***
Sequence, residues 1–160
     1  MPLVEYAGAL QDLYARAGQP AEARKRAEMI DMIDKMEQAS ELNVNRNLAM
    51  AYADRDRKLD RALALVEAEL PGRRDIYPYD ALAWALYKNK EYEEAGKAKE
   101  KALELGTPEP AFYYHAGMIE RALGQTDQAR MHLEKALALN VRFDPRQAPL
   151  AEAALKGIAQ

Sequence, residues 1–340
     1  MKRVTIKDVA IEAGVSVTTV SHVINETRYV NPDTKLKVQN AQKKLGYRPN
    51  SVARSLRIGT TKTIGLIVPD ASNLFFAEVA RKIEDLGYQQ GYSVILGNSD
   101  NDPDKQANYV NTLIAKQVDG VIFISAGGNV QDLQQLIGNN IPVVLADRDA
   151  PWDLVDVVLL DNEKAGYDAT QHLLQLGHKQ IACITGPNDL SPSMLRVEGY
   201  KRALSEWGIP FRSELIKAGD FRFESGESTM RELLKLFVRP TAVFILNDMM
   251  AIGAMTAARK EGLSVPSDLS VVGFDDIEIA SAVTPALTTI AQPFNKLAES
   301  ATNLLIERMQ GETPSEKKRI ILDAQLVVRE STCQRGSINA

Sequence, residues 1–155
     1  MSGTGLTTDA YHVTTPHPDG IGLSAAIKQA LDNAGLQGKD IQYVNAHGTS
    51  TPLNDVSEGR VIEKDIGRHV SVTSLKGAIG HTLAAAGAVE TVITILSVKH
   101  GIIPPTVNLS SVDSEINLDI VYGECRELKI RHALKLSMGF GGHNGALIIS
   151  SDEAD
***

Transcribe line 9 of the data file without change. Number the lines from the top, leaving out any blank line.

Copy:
   101  NDPDKQANYV NTLIAKQVDG VIFISAGGNV QDLQQLIGNN IPVVLADRDA